Fried red bean pancakes

Fried red bean pancakes

By
From
The Real Food of China
Serves
4-6
Photographer
Leanne Kitchen

Typical of the snack foods of Beijing, where the harsh winters call for hefty fare, we find these are perfect with a cup of tea for breakfast. Red beans (hong dou) are an important food source in China, and mainly used in sweet guises, as here. The beans are thought to be native to an area near the foot of the Himalayas.

Ingredients

Quantity Ingredient
1 egg
1 1/2 tablespoons vegetable oil, plus extra for cooking
150g plain flour, plus 2½ tablespoons extra
360g Red bean paste

Method

  1. Whisk the egg and oil with 300 ml water in a bowl. Add the flour and whisk until smooth, adding a little extra water if the mixture is too thick — the batter should have a pouring consistency.
  2. Brush a 20 cm non-stick frying pan with oil, then heat over a medium heat. Working quickly, add about 60 ml of batter to the pan, swirling the pan to thinly coat the base, and pouring any excess batter back into the bowl. Cook for about 3 minutes, or until the top surface is dry, then remove to a plate. Repeat the process with the remaining batter to make six pancakes.
  3. Combine the extra 2½ tablespoons of flour in a small bowl with 60 ml water, or enough to form a thick paste. Place one pancake on the work surface, uncooked side up, and smear a little of the flour paste around the edge of the pancake. Place 2 tablespoons of red bean paste in the middle of the pancake, then spread it out to form a 12 x 8 cm rectangle. Fold the ends over the filling, then fold the sides over and press lightly to seal — do not fold too tightly or the pancakes may crack slightly. Repeat with the remaining pancakes and filling, folding them one at a time.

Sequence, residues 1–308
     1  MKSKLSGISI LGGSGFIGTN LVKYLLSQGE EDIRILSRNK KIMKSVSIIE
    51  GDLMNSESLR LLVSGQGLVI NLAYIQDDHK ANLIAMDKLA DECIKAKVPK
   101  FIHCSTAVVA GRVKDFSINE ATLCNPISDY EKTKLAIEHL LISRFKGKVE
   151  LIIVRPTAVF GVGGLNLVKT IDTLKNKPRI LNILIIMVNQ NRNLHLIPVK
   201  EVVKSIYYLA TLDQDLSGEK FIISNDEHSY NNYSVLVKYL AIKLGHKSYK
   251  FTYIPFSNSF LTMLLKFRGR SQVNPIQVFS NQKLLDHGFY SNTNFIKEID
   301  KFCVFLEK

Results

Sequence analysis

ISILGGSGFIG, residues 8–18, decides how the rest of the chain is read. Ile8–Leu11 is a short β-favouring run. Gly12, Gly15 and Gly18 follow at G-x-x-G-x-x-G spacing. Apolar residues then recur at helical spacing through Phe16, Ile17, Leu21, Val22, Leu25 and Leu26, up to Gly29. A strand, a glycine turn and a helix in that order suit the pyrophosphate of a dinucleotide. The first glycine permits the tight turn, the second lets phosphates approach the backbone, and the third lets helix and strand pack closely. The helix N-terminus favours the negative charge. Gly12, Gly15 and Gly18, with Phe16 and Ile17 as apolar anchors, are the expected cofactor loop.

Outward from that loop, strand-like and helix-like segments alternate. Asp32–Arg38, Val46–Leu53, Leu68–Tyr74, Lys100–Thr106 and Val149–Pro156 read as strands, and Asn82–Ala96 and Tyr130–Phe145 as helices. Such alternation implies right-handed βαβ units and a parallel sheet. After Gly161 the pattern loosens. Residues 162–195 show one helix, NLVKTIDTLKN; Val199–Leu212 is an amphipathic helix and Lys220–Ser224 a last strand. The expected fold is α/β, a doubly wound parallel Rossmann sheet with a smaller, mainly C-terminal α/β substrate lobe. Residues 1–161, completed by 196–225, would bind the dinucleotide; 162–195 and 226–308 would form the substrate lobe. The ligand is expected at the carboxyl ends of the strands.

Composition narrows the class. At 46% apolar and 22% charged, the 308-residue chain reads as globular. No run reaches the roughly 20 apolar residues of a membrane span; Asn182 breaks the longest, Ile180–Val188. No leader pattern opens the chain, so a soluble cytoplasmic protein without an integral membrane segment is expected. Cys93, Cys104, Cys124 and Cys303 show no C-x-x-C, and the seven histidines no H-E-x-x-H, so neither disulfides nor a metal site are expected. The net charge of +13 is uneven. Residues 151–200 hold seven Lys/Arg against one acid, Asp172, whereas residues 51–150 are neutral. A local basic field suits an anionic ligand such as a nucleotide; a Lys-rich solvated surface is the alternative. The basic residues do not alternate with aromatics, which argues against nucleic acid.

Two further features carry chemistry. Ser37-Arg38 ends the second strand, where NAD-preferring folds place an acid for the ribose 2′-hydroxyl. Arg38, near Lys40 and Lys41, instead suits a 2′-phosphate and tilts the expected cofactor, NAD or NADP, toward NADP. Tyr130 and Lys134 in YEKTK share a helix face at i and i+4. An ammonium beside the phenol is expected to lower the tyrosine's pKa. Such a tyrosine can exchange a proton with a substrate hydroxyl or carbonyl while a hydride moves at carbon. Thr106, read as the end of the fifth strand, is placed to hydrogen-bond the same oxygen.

4. Add enough oil to cover the base of the frying pan, then return to a medium heat. Add two of the folded pancakes to the pan and cook, turning once, for 5–6 minutes, or until golden brown. Remove and drain on paper towel. Repeat with the remaining pancakes. Cut each pancake widthwise into three pieces and serve warm or at room temperature.
Tags:
China
Chinese
Asia
Asian
Real Food of China
Leanne
Kitchen
Antony
Suvalko
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